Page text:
I can tell you from personal experience that hospice care is a blessing, and the professionals who administer that care are angels. Traditional hospice care is available to anyone who is diagnosed with a terminal illness and has six months or less to live. In that regard, end-of-life care typically seeks to keep the patient comfortable and pain-free after aggressive medical treatments have been suspended. Hospice care also helps to facilitate quality time that the patient can spend with loved ones. And while it’s true that a serious illness can lead to the need for hospice care, it’s also true that some such illnesses can be treated and managed for years before hospice care is indicated or appropriate. That’s why Mountain Valley Hospice & Palliative Care has just expanded its services and facilities to help patients who can benefit from longer-term comfort care. 

Mountain Valley has cared for over 20,000 hospice patients since opening its first office 37 years ago, and today their service area includes 18 counties in North Carolina and Virginia. Earlier this month, the agency opened an office in Winston-Salem dedicated to serving patients with a serious illness.

Over the years, we’ve witnessed a growing need to reach and serve a widening population of patients facing serious illnesses, such as heart disease, lung disease, dementia, and cancer,” said Mountain Valley President and CEO Tracey Dobson. “The opening of this office reflects the organization’s commitment to ensure that patients with serious illnesses have access to high-quality palliative care services, which can extend the life of the patient by months or even years.”

Serious illness services are for patients who have a very advanced illness that is upstream from hospice. They may be struggling with symptoms or with making decisions about what they want to have done for their healthcare,” said Kristie Szarpa, senior director of practice management for Mountain Valley. “It’s a complex process and, it can be a very long journey, sometimes over many years, and so to walk that journey alone is a heavy load to bear.”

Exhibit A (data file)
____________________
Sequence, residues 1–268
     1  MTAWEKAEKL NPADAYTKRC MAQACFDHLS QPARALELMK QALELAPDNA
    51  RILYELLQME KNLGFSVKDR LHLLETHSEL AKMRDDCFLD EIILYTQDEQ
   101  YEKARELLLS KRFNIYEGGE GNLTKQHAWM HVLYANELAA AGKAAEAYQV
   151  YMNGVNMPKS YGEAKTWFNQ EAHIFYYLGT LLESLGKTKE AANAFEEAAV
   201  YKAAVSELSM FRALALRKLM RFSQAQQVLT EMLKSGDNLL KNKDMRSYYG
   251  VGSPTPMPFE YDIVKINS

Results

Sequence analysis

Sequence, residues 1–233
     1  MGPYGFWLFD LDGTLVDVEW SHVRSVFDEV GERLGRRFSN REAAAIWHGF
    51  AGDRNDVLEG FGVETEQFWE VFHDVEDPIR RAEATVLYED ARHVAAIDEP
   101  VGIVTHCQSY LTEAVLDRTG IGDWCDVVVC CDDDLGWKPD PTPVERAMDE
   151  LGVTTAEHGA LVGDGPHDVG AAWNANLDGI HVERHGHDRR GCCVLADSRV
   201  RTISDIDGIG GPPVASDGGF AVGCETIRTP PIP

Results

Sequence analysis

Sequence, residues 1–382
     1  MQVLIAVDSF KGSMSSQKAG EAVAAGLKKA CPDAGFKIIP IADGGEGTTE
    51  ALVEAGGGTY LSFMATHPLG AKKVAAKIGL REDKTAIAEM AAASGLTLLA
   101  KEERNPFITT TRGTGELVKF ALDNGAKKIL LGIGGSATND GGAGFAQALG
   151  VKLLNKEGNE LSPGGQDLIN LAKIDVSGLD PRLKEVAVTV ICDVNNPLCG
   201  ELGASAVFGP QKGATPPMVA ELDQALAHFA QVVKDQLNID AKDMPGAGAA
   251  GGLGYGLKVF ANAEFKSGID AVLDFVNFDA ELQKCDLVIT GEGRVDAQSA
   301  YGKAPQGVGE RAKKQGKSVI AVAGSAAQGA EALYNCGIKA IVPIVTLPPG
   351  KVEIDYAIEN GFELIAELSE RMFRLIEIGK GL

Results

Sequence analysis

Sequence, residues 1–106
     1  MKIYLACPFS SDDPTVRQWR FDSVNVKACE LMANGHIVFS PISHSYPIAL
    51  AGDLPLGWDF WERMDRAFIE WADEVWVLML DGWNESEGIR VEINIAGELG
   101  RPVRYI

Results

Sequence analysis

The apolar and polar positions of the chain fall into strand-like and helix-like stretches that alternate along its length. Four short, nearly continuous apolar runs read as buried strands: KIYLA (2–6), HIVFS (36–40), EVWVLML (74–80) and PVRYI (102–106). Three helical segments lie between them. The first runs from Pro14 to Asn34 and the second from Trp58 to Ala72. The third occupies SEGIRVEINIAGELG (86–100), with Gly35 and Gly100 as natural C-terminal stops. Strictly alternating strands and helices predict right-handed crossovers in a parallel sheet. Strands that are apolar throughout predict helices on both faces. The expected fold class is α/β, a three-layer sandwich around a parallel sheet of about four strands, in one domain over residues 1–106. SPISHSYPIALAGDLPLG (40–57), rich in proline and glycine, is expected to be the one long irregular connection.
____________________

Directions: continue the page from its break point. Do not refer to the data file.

Mountain Valley’s serious illness team includes doctors, nurse practitioners, registered nurses, chaplains, and social workers. And, unlike end-of-life hospice care, palliative services for patients with a serious illness allow for traditional medical treatments to continue.

“All of your specialists, all of your interventions you might have such as chemotherapy or surgery, all that stays in place, and we are a supplement. We are another layer of the medical team to bring support, and our focus is a bit less on the disease and a bit more on the symptoms,” said Szarpa.

Mountain Valleys’ new office is located at 3069 Trenwest Drive in Winston-Salem, and anyone with a serious illness is invited to make an appointment to discuss a palliative care plan.

As with our hospice services, you don’t need a physician referral to set up a consultation to talk about serious illness services. The patient or their family members can call us directly,” said Dobson.   

Hospice and serious illness services are covered by most insurance, but, as a nonprofit agency, Mountain Valley will not turn anyone away who is in need of care and cannot pay. For more information, call (888) 789-2922 or visit www.mtnvalleyhospice.org

Jim Longworth is the host of Triad Today, airing on Saturdays at 7:30 a.m. on ABC45 (cable channel 7) and Sundays at 11 a.m. on WMYV (cable channel 15).

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